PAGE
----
The label has the language from the Orient which ( in my ignorance of other cultures in the world ) I do not understand. The luthier was certainly a craftsman as the insides are very clean and no glue dripping of any kind visible. Having spent a lifetime in harp and guitar lutherie and repair I appreciate the attention to finer details. But and this is a big But....the job of finishing somewhere in that oriental factory in 1978 was not of the same caliber. Hense my quest to refinish my beautiful sounding preloved (Craiglist) treasure. The varnish or lacquer has to go.
I might even get out some of those old French Polish crystals I have under the dust in the bottom drawer over where the dog sleeps on his mat.
I am familiar with the wet and dry 2000/2500 grit process from many a long night doing so.
Boy I do ramble Fiddlemaker5224, I am sorry. Jim.

Oct 15, 2019 - 2:47:38 PM

231 posts since 1/5/2009

I suspect that the finish is lacquer. Then you know the process for removing it.The instrument may not sound as well when you have refinished it. Also the Value of the instrument may hit the bottom of the mine shaft.

There are other things that can be done without affecting the finish. If the finish is in such terrible condition. Then you can use this as a learning experience.

It is your instrument, you must decide, do I want to sell the instrument at a later date? Do I wish to pass it on to a grandchild?
Questions that affect the value with what you propose to do.

I would suggest that you find a damaged instrument that is similar you can experiment on.

Oct 15, 2019 - 2:52:12 PM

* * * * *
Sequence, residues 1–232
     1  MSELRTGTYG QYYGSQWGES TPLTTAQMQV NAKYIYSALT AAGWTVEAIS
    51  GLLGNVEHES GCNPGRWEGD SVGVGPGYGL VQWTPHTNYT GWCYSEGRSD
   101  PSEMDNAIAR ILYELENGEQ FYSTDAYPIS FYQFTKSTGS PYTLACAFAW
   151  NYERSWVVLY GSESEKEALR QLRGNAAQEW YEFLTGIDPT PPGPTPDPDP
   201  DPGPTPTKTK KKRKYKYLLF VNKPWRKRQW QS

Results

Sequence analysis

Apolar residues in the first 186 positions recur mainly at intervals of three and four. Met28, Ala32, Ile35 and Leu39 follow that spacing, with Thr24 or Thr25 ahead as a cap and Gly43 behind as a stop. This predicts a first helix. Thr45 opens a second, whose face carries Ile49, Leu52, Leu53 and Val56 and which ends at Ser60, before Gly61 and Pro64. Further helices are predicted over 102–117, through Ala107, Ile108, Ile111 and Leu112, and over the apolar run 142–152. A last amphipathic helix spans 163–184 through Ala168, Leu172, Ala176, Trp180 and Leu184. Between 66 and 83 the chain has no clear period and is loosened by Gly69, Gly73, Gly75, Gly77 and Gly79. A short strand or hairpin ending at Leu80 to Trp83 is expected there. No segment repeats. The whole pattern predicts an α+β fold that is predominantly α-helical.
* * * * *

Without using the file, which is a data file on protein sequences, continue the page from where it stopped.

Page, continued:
jimbob3

Canada

9 posts since 9/28/2019

Thank you for your promptness in responding Fiddlemaker5224. Jim

Oct 17, 2019 - 5:18:19 AM
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835 posts since 1/25/2008

Skylark violins have the reputation of being really poor instruments. (referred to as a "violin shaped object" (VSO). Trying to improve the tone may be a fools errand.

Oct 17, 2019 - 5:59:29 AM

jimbob3

Canada

9 posts since 9/28/2019

quote:
Originally posted by FiddleDoug

Skylark violins have the reputation of being really poor instruments. (referred to as a "violin shaped object" (VSO). Trying to improve the tone may be a fools errand.


Hello FiddleDoug,

Thank you for your insight, I guess I am indeed fortunate with my 1978 preloved treasure from Craiglist. As the old saying goes....."Don't believe everything you hear or read" by the way the Meguiar's Clay kit is working wonders for a nice satin patina finish. Jim

Oct 17, 2019 - 9:51:17 AM

4284 posts since 9/26/2008

I recall a member doing this very thing to a fiddle, removing some of the shine, and getting a different /better tone.

Oct 17, 2019 - 10:51:54 AM

jimbob3

Canada

9 posts since 9/28/2019

quote:
Originally posted by ChickenMan

I recall a member doing this very thing to a fiddle, removing some of the shine, and getting a different /better tone.


Thank you ChickenMan.  As an experiment in the 70's I made 2 identical guitars. I finished one with a satin finish and the other with 5 coats of lacquer with wet and dry between coats. Four out of five very good guitarists at the folk club favored the satin finish. Thanks again ChickenMan for your confidence boost. Jim

Oct 18, 2019 - 3:26:20 PM

kjb

USA

672 posts since 6/8/2013

I would not think that you would improve the sound , unless the finish is thick, you would get more results( if it is possible to get it to sound better at all) with different strings , soundpost reset , taking it apart and re graduation , if it is too thick

a poorly contoured violin will never sound good, (with some exceptions I guess)

Its like trying to get a ford fiesta to run and sound like a rolls royce, it just ain't gonna happen.